This Cosmic Photo Beckons a Closer Look at Orion's Belt

Rogelio Bernal Andreo 

Orion’s Belt is a magnificent stretch of cosmic wonders. From the Horsehead Nebula to the Flame Nebula, to the three famous stars that make up the belt, there is a playground of scientific research to be had in this region of our Milky Way.

Astrophotographer Rogelio Bernal Andreo took this beautiful photo of the Belt in 2013 by using his telescope and a dual imaging system that captures photos in visible and near-infrared light. The result is a stunning look at the complexity of the belt.

Orion's Belt consists of three iconic stars and a whole lot more. 

Rogelio Bernal Andreo 

In the lower right corner is a glimpse at the Horsehead Nebula, which seems dwarfed by the Belt. But, it is actually five light-years tall. Its thick clouds of dust and gas make it an ideal place for forming new stars, which are challenging to see because the nebula is so dark. The Horsehead doesn’t give off light, but it is illuminated by another nebula close behind it called IC 434.

To the left of the Horsehead is the Flame Nebula. This emission nebula pushes out dense clouds of ionized hydrogen gas, emitting a brilliant light. Like the Horsehead, the Flame is also home to several hundred young stars.

Sweeping across the photograph are the three main stars of Orion’s Belt: Alnitak, Alnilam and Mintaka. Alnitak is 250,000 times brighter than the sun and is actually a binary system, meaning two stars — in this case a blue supergiant and blue dwarf — are very close to each other. Alnilam is the brightest of the belt at 375,000 times the luminosity of the sun. Alnilam is a blue supergiant and is the 29th brightest star in the sky. Then there’s Mintaka, which still comes in at 90,000 times brighter than the sun. It is also a binary system, but neither are supergiants.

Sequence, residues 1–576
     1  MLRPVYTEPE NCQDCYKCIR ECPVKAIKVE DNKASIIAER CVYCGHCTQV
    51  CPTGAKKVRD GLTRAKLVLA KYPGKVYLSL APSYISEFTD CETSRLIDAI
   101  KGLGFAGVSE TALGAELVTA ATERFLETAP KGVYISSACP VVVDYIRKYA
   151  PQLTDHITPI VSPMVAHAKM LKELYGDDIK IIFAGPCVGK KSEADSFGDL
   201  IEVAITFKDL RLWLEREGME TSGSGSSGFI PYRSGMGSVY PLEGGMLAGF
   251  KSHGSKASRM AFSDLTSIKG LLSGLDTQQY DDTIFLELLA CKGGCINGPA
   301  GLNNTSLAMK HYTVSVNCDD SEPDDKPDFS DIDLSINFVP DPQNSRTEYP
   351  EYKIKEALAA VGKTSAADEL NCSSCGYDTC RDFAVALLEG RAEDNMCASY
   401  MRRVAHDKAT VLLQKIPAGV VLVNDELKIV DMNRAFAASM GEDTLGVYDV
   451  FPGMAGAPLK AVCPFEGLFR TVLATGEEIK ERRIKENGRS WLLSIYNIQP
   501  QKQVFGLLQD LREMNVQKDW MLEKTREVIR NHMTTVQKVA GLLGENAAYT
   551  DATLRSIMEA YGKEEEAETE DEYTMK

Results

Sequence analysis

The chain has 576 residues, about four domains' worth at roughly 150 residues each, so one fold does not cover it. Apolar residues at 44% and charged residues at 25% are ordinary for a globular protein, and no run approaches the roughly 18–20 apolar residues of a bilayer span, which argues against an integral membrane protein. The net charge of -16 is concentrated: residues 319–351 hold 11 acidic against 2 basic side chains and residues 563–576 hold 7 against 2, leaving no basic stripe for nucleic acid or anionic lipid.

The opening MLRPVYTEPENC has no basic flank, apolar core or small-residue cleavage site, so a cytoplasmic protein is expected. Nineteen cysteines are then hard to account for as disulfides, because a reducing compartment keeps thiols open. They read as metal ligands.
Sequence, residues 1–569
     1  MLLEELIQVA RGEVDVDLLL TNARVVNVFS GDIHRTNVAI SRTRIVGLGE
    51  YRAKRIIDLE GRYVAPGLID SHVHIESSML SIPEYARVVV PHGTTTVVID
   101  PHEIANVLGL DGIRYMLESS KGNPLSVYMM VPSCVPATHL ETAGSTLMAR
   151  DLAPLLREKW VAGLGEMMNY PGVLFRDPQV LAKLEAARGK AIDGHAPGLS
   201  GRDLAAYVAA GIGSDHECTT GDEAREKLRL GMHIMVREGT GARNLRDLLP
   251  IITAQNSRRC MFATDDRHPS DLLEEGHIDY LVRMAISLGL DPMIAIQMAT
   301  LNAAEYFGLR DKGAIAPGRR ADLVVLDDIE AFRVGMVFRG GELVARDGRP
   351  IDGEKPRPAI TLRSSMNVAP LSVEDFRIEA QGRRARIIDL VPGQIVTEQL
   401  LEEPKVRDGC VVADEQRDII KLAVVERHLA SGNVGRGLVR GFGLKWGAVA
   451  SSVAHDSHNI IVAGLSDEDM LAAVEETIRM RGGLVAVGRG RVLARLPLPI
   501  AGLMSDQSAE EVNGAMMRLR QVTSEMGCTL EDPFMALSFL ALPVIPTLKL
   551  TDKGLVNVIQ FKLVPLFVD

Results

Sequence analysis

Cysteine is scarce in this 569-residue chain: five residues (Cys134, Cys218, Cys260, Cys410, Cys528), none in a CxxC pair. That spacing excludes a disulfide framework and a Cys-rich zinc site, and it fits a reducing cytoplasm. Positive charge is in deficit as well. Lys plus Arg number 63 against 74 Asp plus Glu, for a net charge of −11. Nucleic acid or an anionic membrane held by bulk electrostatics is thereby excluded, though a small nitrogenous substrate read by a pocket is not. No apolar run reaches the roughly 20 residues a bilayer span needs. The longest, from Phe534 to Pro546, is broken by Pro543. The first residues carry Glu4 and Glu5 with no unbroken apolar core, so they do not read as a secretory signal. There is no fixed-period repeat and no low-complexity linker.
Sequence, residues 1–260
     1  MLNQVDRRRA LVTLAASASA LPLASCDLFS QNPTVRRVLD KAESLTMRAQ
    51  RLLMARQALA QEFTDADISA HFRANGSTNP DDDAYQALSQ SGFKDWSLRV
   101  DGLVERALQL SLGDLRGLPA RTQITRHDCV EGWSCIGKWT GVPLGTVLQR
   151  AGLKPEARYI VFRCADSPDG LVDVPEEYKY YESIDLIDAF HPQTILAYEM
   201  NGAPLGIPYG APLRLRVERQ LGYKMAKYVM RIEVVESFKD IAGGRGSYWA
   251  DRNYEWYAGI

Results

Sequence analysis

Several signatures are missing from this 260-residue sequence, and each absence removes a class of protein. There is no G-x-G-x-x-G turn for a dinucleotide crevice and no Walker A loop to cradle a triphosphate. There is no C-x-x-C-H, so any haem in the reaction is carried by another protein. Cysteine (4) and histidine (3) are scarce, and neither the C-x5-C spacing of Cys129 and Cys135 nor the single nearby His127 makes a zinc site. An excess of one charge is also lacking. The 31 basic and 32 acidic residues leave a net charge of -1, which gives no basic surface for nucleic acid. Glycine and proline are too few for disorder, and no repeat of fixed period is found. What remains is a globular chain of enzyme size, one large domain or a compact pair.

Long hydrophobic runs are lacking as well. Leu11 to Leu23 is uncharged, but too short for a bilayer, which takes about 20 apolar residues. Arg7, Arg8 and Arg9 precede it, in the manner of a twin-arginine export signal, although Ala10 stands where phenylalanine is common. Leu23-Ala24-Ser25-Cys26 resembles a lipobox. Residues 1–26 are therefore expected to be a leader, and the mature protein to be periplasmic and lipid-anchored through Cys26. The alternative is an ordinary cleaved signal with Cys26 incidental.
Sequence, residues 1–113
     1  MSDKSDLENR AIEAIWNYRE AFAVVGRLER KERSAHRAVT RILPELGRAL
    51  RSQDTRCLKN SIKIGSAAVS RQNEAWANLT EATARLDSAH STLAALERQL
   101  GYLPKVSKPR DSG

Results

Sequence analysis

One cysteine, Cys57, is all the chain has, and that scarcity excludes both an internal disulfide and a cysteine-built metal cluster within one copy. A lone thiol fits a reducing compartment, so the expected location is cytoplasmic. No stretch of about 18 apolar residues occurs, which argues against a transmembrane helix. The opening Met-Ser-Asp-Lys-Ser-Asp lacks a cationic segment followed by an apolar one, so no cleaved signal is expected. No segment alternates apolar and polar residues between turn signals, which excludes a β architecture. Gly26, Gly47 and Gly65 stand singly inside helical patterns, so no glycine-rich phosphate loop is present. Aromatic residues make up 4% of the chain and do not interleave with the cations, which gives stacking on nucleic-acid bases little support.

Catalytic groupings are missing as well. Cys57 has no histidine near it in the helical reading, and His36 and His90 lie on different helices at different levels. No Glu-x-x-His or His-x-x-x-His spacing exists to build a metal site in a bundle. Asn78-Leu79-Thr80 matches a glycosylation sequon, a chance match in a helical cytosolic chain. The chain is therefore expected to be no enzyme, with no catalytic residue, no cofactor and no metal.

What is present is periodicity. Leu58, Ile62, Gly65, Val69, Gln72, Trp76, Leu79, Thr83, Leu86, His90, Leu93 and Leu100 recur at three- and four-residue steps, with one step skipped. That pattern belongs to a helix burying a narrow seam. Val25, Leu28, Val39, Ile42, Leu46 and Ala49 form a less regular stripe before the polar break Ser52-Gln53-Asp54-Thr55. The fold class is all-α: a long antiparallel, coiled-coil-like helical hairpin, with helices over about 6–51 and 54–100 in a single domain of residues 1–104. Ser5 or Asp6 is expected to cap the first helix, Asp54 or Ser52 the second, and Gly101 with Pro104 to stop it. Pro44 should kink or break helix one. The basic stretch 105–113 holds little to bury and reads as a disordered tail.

Orion’s Belt is an important area of study because of the many young stars forming within the larger constellation. Scientists speculate that there may be a wealth of planets lurking in the shadows of these stars, some of which may even be habitable. But, it won’t be until the James Webb Space Telescope goes online in 2018 that NASA will have a chance to peer beyond the brightness of the stars and find our alien neighbors.

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